Reviewed at Turin Intl. Young Cinema Festival (competing), Italy, Nov. 18, 1993. Running time: 105 MIN.
Namihiko … Namihiko Omura
Mother … Sachiko Hidari
Grandfather … Michio Kida
Sister … Kaoru Okunuki
Also with: Yoko Katori, Tsuyoshi Itoh, Emiko Yamamoto.
It’s hard to imagine a gentler, more contemplative riff on the industrialized world’s incompatibility with the artistic temperament than “The Singing Bamboo.”
Inhabiting a Zen plane somewhere between documentary and narrative, this languorous Japanese tract requires ascetic reserves of patience it’s unlikely to find beyond the fest circuit. World preemed at the Turin Young Cinema meet, soulful pic was duly lauded by jury and critics.
Entirely improvised from a four-page outline, story concerns a young bamboo-flautist (Namihiko Omura), intro’d in a long jazz-concert sequence. Leaving Tokyo to attend his sister’s hometown wedding, he agrees to stick around and take a factory job. But his musical calling lures him back to the city.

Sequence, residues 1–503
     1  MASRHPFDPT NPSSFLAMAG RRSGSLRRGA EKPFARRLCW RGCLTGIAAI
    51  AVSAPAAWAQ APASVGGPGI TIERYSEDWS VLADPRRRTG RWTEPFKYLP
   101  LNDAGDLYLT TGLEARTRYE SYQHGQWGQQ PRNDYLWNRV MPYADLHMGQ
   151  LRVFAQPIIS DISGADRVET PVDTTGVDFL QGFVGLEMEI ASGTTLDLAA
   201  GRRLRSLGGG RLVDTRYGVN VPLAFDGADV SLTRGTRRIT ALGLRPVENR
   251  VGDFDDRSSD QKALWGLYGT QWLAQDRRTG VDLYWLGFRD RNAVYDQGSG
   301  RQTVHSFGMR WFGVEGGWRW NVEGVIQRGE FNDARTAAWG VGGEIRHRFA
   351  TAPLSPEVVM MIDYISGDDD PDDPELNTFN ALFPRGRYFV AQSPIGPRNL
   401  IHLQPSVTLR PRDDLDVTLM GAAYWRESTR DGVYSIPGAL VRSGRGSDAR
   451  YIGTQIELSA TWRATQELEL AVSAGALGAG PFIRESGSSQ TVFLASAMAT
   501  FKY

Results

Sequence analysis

Dumped by his g.f. and turfed out by his harridan landlady, he wanders the streets. Pic’s remaining half flows almost totally without dialogue, with the amiably unruly, mostly hand-held camera trailing Omura as he narrowly escapes being hauled in for vagrancy. He finally finds his nirvana with a band of street musicians.
Fly-on-the-wall director Tetsu Kato is well served by the unself-conscious presence of Omura (himself a musician). One of the few seasoned thesps on hand, Sachiko Hidari has standout scenes as his single-minded mother. Music written by Yukihiko Mitsuka and performed by his Tone trio is a consistent pleasure. Kato has already announced plans for a sequel.